Karsh Signature

Yousuf Karsh, master photographer of the 20th century

MFA Boston Reopens

Glenn Gould, 1957

The Museum of Fine Arts, Boston, reopens this weekend, with limited capacity and timed tickets, as well as outdoor installations.

The museum’s director, Matthew Titelbaum, announced the reopening with a piece about Karsh and Glen Gould.

Having grown up in Toronto, as I did, Canadian pianist Glenn Gould was a hero to me. A reclusive (often difficult) artist in our midst, few knew him or saw him, yet his dedication to his work was legendary and far-reaching. (When the great German photographer Thomas Struth came to Toronto for the first time, he wanted to drive by the apartment where Gould lived, and artist Gerhard Richter often had one of Gould’s famed recordings of Bach’s “Goldberg Variations” playing in his studio.) Karsh’s portrait of the young Gould captures the moment of music making and the intensity of deep concentration. Gould’s hands, pictured in midst of movement, are the center of the photograph, a moment when sublime creativity comes into the world.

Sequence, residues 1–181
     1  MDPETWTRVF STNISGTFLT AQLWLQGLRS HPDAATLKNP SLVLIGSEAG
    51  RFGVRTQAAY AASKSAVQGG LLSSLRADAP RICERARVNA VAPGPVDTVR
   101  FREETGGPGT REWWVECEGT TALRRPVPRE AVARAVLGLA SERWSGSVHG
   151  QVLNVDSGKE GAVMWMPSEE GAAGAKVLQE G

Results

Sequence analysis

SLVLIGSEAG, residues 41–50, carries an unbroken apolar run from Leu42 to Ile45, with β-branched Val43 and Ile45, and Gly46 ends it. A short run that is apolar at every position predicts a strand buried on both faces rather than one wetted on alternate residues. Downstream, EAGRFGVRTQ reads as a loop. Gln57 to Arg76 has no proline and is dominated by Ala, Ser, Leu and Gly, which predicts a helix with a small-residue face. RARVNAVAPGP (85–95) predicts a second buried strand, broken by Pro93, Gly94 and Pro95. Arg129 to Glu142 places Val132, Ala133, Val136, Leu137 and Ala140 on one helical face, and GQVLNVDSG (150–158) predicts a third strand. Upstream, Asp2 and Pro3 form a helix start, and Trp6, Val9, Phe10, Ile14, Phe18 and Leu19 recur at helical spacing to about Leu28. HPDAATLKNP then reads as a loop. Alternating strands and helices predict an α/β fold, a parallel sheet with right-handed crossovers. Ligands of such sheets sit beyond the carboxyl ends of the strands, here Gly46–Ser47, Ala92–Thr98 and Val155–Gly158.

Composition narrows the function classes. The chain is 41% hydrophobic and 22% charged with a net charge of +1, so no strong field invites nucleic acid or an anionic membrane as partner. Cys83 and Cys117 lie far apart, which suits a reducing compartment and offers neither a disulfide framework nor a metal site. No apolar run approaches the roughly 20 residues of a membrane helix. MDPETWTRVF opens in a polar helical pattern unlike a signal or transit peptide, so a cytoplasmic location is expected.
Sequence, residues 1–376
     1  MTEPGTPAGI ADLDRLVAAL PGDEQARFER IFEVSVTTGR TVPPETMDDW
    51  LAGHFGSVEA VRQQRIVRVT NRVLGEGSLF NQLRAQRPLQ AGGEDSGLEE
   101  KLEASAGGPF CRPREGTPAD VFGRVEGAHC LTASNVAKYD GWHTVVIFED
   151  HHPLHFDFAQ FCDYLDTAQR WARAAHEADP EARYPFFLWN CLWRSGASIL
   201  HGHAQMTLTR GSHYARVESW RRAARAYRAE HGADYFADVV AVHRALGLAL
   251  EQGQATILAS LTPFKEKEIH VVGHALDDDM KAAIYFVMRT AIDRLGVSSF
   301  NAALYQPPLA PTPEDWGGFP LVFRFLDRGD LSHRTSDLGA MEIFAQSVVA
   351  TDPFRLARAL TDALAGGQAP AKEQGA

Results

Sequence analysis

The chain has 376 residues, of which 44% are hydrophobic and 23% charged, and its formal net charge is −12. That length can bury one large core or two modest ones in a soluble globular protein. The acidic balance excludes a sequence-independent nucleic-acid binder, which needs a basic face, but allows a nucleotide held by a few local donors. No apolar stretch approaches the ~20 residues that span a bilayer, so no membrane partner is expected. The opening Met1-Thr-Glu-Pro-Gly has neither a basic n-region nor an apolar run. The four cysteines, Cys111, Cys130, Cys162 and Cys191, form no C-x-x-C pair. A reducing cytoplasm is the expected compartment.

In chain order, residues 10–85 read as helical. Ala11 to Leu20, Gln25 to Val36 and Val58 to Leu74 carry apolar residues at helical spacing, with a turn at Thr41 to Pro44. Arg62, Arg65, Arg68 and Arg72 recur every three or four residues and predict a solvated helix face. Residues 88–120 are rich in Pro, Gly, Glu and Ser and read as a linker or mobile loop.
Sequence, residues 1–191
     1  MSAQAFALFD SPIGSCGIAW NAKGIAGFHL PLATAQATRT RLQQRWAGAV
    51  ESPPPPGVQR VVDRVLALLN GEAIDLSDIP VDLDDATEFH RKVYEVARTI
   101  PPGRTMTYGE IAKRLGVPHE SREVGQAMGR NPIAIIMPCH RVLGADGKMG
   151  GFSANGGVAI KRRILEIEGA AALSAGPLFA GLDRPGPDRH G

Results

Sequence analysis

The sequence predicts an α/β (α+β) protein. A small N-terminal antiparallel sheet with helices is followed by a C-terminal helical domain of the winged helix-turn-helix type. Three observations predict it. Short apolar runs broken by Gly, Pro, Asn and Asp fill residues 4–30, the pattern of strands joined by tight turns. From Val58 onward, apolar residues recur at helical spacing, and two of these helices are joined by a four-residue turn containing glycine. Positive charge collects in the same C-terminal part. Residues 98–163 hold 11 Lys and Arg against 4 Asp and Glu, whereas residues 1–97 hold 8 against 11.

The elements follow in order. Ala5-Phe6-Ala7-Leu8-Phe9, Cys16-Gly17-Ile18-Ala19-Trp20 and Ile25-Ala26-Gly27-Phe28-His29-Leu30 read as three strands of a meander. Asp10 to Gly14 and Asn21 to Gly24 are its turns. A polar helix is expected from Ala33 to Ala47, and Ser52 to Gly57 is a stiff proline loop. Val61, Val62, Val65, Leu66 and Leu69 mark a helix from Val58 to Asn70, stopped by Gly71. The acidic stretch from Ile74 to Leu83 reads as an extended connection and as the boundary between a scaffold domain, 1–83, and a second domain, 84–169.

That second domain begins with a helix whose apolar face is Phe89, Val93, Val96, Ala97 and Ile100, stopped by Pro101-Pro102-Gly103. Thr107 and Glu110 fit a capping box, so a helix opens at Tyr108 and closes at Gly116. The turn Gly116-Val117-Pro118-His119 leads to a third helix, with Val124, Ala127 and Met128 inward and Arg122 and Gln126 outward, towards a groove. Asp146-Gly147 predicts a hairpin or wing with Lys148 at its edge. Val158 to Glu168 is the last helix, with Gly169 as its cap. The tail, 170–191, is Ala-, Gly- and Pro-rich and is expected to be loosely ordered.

Great portraits inevitably take us beyond the world of seeing to a world of feeling and thinking: they take us on a journey. Yousuf Karsh took the great portrait traditions of artists before him—Holbein, Degas, and Sargent—and made them his own. He gave honor to his subjects while revealing personality and character.
When I look at Gould I think of the connections between art worlds: the great musician, the great photographer—sound and sight—and the great museum. I think, too, of my colleagues in Boston who work in parallel with us, the leaders and musicians of the Boston Symphony Orchestra, the Boston Lyric Opera, the Handel and Haydn Society, and more, and send hope that their music will begin, and be shared again, soon. And I think of newer artists and performers trying to thrive without access to a live audience, and am proud the MFA has supported livestreaming concerts and weekly studio visits/takeovers on social media to give them a venue to share their art with you. We welcome you back today, to a better, stronger MFA, with the powerful work of local artists on our Huntington Avenue facade, acknowledging the voices of the creators and performers around us, pushing us to open our eyes and ears to their messages.

Remember to wear a mask, wash your hands, and play safely as you return to your favorite institutions.